Blast-Off Girls is a 1967 film by Herschell Gordon Lewis.
In Herschell Gordon Lewis's take on A Hard Day's Night meets Wild Guitar, a ruthless and greedy talent manager named Boojie Baker (Dan Conway) "discovers" then exploits unknown rock bands. The film opens with one of Boojie Baker's protégé acts, who have clearly been put through the grind already, griping about the royalties they've been fleeced out of, then walking out on him.
Undaunted, Boojie and his loyal, but dim-witted assistant Gordy (Ray Sager) walk into a local bar and they discover a new band performing, played by real-life Chicago garage band The Faded Blue. Promising them a recording contract and ensuing fame, Boojie renames the group 'The Big Blast,' outfits them in designer suits, and sets about to prime them for stardom. This is done by utilizing a bevy of attractive and loose women to seduce a recording engineer, photographing him in the heat of the moment, then blackmailing him into letting the Big Blast cut a single. The group cuts their big hit, and Boojie presumably uses similar tactics to promote the record and garner airplay. However, it doesn't take long before the band begins to wonder why they aren't receiving any money for their labors.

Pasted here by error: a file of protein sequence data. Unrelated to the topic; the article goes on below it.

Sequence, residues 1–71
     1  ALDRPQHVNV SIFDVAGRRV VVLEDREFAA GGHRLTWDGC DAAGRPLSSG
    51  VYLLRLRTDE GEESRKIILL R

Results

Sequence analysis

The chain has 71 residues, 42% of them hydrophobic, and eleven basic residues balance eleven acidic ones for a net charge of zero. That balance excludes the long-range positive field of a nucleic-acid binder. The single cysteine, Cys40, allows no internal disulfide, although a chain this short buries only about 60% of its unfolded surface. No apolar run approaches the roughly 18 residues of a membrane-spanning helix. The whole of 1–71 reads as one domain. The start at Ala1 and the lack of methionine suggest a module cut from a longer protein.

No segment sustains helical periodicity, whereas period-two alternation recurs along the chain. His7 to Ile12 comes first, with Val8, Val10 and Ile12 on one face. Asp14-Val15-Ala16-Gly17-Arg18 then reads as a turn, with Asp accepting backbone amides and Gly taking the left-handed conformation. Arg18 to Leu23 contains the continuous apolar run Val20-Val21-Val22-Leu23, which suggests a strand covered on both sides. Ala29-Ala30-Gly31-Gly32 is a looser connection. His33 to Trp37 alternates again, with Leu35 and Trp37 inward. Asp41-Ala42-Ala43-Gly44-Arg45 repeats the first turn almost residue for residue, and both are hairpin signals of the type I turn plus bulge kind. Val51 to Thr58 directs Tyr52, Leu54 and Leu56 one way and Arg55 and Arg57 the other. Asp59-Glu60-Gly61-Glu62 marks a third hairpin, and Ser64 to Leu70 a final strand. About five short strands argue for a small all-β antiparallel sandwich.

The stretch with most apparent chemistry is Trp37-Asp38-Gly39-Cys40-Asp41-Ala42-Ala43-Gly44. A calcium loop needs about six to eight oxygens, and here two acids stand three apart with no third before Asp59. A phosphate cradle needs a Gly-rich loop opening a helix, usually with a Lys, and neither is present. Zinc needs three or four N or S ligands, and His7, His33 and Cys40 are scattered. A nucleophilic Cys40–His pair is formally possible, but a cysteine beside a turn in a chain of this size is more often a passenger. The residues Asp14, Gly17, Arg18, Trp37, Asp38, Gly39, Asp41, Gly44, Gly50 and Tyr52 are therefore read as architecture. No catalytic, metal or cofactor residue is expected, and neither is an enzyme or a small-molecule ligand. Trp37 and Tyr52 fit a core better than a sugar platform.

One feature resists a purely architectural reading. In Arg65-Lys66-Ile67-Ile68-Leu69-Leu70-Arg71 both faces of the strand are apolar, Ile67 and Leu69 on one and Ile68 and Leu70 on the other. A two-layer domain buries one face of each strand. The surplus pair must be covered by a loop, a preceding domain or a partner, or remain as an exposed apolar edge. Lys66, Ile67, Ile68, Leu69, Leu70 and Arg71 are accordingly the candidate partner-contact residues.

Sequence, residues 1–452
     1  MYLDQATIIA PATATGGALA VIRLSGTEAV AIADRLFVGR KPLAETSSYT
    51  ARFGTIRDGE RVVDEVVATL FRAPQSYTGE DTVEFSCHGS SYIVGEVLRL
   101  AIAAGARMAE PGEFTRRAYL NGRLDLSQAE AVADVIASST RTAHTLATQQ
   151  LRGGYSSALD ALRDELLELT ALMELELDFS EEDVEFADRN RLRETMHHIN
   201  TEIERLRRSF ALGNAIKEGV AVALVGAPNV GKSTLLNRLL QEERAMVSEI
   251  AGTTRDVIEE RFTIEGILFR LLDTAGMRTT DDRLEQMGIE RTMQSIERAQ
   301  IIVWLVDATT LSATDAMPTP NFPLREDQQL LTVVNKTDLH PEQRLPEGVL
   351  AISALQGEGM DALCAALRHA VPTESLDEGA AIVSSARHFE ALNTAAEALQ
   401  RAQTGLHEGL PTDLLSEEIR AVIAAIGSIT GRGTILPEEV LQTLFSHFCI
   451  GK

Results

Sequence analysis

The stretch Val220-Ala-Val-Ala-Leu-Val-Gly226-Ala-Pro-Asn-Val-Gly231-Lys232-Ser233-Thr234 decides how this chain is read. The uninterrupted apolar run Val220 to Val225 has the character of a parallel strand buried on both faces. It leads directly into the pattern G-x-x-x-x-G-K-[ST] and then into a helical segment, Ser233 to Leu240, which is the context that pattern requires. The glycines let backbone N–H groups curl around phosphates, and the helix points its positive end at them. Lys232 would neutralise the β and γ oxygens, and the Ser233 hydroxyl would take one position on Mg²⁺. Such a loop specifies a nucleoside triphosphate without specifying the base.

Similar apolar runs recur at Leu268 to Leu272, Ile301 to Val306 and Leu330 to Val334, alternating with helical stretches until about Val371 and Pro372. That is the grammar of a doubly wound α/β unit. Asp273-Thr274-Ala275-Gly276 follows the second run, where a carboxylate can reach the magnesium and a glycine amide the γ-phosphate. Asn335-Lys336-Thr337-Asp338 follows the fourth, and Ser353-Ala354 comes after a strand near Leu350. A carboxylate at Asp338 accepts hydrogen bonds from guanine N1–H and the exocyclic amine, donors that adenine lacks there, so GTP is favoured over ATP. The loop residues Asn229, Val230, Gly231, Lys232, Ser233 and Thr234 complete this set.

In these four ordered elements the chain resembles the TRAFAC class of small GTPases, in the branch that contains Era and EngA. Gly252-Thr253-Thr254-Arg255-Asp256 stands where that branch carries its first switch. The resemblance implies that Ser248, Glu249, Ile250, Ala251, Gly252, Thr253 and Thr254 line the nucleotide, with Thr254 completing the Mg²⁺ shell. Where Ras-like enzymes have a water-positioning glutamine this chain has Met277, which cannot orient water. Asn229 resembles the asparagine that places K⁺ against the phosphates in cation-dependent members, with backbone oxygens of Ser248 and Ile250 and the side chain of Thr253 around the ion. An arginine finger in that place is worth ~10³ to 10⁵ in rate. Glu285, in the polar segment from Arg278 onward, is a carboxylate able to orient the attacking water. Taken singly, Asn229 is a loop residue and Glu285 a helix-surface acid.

A hard line negotiator, Boojie refuses to budge in that respect, and welcomes the boys to seek fame in fortune in other avenues. To show there are no hard feelings, he even invites them to a party at his apartment.
Turns out this party, replete with liquor, women, and marijuana, is a setup, and a "police detective" shows up to raid it. Coincidentally, this is before Boojie arrives, and when he does, it seems that he also has some pull in the "police department". As it happens, he is able to bail the boys out of this serious legal jam... if they agree to sign new contracts. One by one, each of the five members concedes to Boojie's demands. Incidentally, after they leave, the "detective" hits up Boojie for some of the grass. Back in the studio, the group begins to unravel, internal bickering starts to swell, and they just can't seem to cut their follow-up hit. In the climax, the group decides instead to bring down Boojie at the expense of their own fame and fortune by sabotaging a television appearance Boojie has lined up by showing up drunk and singing a thinly-disguised musical flipping-of-the-bird to him. "Oh well, that's show business," Boojie says. The group then rips up Boojie's contract to them, in which he and his assistant, Gordy, storm out of the studio, presumably to go look for another rock and roll band to manage and manipulate. The film ends with a zany MOS montage of the band which was clearly inspired by the comic stylings of Richard Lester, even if the end result falls a bit short.